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Global Market: Stocks Drift as Second Wave Virus Fears Mount

Kamis, 18 Juni 2020 | 17:33 WIB
Global Market: Stocks Drift as Second Wave Virus Fears Mount

ILUSTRASI. Traders wear masks as they work on the floor of the New York Stock Exchange as the outbreak of the coronavirus disease (COVID-19) continues in the Manhattan borough of New York, U.S., May 27, 2020. REUTERS/Lucas Jackson TPX IMAGES OF THE DAY

Sumber: Reuters | Editor: Narita Indrastiti

People’s Bank of China Governor Yi Gang added, however, that Beijing will need to consider withdrawing that support at some point.

U.S. Federal Reserve Chair Jerome Powell told lawmakers on Wednesday that although the world’s largest economy is beginning to recover, with some 25 million Americans displaced from work and the pandemic ongoing, it will need more help.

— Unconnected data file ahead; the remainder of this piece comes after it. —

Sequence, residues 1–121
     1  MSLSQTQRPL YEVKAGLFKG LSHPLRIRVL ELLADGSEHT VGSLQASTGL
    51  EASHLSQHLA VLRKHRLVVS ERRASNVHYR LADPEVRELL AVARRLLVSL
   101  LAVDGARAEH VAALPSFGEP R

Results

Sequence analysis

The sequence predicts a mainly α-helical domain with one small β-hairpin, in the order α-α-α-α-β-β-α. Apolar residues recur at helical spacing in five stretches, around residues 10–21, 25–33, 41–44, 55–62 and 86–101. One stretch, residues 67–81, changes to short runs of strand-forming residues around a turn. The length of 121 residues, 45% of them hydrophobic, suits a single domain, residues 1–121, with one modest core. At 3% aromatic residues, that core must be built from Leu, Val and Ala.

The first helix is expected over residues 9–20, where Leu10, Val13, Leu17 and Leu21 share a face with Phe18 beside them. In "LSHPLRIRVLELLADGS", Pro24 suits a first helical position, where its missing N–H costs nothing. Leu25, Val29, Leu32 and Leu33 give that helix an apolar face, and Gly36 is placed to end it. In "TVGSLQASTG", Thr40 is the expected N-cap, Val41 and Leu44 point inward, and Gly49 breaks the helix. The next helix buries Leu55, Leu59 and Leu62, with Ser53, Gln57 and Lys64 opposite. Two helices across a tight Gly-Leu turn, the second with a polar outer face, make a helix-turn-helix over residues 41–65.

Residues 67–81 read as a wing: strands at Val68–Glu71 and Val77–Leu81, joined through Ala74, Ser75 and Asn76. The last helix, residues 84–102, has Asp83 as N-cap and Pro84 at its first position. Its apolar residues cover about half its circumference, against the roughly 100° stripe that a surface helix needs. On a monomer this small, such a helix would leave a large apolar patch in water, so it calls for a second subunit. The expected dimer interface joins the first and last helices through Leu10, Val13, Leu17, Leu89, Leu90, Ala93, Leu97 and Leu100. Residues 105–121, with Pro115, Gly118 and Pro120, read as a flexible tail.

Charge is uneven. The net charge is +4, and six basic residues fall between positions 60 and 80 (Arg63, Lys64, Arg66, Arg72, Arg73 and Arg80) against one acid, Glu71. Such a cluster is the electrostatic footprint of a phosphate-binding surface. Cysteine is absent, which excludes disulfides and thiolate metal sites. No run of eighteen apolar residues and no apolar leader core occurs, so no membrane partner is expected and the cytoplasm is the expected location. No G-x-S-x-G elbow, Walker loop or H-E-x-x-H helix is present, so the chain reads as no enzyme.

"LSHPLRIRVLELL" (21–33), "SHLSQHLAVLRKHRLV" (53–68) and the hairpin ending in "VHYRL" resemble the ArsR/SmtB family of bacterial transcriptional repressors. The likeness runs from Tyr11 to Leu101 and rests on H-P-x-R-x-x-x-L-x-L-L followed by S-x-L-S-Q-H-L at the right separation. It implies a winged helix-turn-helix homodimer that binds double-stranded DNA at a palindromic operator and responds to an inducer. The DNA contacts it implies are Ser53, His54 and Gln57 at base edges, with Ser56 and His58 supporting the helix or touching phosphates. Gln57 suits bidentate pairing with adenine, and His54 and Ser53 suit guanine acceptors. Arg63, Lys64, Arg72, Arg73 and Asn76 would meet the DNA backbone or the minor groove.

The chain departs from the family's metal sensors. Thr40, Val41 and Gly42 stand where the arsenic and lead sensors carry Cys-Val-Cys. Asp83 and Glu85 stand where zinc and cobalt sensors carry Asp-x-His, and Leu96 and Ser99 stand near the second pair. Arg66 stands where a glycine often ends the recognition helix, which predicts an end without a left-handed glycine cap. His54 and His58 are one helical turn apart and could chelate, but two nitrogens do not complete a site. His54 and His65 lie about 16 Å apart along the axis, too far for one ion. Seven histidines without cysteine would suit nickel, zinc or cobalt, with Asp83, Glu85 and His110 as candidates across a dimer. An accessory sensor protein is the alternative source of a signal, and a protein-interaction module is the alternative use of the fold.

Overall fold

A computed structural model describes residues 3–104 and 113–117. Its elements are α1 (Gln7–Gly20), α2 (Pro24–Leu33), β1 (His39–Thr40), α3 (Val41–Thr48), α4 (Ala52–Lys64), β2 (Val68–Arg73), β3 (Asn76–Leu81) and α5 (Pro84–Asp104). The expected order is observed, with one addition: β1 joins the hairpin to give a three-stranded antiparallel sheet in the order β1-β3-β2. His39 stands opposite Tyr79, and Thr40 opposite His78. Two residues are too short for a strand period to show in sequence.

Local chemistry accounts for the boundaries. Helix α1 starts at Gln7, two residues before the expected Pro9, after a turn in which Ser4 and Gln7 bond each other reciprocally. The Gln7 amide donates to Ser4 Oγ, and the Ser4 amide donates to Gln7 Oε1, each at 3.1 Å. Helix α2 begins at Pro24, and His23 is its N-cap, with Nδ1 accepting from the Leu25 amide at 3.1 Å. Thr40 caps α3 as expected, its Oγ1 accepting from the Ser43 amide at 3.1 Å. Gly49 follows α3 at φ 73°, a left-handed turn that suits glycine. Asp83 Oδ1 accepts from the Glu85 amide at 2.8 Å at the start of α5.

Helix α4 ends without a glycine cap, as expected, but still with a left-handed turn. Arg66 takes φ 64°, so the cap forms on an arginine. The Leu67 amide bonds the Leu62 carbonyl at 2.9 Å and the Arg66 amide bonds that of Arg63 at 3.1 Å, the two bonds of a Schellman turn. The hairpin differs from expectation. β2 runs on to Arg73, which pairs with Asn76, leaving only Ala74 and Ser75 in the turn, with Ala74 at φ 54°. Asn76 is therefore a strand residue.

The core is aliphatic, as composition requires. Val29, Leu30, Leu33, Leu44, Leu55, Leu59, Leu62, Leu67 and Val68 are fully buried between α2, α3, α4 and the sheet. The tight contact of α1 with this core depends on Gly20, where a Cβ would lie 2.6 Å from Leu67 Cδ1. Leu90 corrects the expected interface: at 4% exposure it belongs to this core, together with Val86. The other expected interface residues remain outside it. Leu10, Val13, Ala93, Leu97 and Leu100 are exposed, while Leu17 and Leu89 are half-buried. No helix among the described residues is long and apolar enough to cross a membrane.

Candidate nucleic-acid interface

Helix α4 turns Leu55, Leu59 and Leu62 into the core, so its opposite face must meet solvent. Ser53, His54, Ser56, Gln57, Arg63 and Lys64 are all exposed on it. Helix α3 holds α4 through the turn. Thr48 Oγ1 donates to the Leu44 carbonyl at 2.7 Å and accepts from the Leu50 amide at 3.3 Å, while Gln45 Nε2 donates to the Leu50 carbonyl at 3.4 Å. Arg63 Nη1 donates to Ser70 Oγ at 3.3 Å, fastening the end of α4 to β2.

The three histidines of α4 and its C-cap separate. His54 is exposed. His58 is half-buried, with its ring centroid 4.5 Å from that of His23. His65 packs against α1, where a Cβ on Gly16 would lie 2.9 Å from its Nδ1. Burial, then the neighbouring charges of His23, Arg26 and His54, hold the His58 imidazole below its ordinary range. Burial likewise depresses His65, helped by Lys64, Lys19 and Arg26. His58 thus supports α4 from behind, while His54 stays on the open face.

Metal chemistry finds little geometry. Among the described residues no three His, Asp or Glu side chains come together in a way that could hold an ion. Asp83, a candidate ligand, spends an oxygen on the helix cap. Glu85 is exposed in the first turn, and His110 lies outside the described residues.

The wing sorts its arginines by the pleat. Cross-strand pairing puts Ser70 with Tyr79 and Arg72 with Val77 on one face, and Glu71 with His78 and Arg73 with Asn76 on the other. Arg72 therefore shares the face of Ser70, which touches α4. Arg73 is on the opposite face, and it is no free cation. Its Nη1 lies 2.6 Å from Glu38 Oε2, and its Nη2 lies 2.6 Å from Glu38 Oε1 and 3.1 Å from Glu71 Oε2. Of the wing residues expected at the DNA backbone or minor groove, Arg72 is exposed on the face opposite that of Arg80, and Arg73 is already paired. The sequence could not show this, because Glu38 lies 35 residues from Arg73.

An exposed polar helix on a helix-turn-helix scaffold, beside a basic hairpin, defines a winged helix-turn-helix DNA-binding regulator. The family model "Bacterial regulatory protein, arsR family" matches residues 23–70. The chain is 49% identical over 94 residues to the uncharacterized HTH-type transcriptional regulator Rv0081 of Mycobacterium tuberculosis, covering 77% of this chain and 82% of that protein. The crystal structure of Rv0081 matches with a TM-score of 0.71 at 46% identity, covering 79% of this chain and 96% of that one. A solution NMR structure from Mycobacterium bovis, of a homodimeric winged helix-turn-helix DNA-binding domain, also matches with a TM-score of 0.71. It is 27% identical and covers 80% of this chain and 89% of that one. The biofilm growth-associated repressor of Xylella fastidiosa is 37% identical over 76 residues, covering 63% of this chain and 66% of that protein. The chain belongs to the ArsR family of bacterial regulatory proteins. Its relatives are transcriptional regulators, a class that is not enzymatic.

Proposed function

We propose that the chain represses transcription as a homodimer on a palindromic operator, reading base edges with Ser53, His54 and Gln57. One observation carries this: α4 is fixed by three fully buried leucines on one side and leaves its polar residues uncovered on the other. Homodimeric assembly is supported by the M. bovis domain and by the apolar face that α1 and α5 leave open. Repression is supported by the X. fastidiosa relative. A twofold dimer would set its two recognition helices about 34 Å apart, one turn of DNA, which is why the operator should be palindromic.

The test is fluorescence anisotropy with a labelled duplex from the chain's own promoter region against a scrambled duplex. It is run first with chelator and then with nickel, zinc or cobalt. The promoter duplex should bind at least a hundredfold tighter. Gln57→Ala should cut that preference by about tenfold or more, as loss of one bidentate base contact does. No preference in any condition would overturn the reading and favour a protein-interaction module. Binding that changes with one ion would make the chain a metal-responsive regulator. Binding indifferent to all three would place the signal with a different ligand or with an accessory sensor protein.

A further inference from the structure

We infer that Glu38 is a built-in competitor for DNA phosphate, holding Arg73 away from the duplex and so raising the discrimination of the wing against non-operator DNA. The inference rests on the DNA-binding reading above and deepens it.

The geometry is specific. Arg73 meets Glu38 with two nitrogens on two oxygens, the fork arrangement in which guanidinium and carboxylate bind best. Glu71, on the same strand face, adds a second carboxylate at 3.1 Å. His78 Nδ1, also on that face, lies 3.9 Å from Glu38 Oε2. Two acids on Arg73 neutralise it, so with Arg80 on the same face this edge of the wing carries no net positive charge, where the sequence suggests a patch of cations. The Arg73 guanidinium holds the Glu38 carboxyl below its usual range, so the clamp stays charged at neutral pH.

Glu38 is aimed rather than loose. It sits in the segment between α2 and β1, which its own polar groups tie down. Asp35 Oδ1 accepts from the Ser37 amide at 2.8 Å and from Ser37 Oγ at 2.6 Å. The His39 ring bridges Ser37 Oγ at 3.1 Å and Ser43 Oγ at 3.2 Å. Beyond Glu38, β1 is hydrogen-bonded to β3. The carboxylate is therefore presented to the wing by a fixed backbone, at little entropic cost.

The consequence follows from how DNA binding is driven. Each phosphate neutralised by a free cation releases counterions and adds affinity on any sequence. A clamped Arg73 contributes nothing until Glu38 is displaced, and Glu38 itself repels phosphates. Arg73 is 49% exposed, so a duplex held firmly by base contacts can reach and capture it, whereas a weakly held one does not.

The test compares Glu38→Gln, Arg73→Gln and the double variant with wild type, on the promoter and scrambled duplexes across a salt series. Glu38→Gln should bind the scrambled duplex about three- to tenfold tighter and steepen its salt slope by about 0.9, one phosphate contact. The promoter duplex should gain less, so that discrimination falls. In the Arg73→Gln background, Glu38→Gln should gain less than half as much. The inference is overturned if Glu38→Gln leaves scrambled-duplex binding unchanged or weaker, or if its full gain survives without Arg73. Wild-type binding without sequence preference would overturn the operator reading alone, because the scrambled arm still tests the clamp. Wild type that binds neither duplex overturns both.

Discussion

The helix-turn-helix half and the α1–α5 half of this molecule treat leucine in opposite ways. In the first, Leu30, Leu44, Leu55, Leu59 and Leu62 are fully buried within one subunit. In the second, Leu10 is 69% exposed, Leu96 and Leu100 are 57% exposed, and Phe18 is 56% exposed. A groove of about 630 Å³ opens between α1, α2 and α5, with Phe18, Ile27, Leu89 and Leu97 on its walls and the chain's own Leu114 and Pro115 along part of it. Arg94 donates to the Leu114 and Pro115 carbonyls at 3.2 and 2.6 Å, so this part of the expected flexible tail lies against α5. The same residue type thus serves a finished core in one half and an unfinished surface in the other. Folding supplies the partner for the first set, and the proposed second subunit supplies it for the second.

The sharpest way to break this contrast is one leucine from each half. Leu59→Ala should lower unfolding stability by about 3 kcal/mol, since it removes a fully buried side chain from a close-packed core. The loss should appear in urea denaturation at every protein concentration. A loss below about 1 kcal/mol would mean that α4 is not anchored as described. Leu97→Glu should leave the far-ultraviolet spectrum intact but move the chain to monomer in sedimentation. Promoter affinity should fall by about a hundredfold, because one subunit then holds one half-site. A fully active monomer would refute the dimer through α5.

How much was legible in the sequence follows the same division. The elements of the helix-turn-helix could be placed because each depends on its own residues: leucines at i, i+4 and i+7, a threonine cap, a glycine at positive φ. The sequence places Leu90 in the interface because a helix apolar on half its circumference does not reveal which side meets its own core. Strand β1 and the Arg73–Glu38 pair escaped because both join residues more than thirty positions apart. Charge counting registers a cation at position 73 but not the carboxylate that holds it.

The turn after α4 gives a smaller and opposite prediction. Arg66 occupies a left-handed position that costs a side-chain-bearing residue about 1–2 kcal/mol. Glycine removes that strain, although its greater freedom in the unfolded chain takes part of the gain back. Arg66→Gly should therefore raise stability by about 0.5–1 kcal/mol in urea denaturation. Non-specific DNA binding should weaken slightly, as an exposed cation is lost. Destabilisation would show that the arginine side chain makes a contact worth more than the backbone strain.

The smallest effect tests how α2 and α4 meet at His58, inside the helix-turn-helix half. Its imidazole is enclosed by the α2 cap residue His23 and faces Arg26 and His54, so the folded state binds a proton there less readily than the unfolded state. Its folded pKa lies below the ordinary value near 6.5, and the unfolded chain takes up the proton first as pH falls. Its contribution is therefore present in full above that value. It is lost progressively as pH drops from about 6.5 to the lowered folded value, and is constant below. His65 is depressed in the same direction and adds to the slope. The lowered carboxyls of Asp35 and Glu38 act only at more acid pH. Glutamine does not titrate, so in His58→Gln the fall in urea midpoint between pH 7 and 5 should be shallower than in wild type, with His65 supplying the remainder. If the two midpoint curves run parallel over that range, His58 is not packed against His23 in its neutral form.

Some investors also worried about further paralysis in Washington as Trump’s former national security adviser John Bolton accused him of sweeping misdeeds that included explicitly seeking Chinese President Xi Jinping’s help to win re-election.

Border tensions between North and South Korea, and between India and China, also helped sour sentiment for risky assets.

Investors rushed to the safety of bonds, with the 10-year U.S. Treasuries yield US10YT=RR falling 2 basis points to 0.710%.

“In the near-term, we have had a lot of risk-off factors including Bolton and geopolitical tensions in Asia,” said Masahiko Loo, portfolio manager at AllianceBernstein in Tokyo.

“But on the other hand, risk assets are supported by ample liquidity from central banks. I don’t see that changing yet and do not expect major sell-off in risk assets.”

In currency markets, the safe-haven Japanese yen earlier rose about 0.2% to 106.81 per dollar JPY=, while the U.S. dollar also firmed against risk-sensitive currencies. The euro was also little changed against the greenback at $1.1249 EUR=EBS.

The British pound traded in a narrow range before a Bank of England meeting where policymakers are expected to expand quantitative easing in the face of a weakening economy and tough trade negotiations with the EU.

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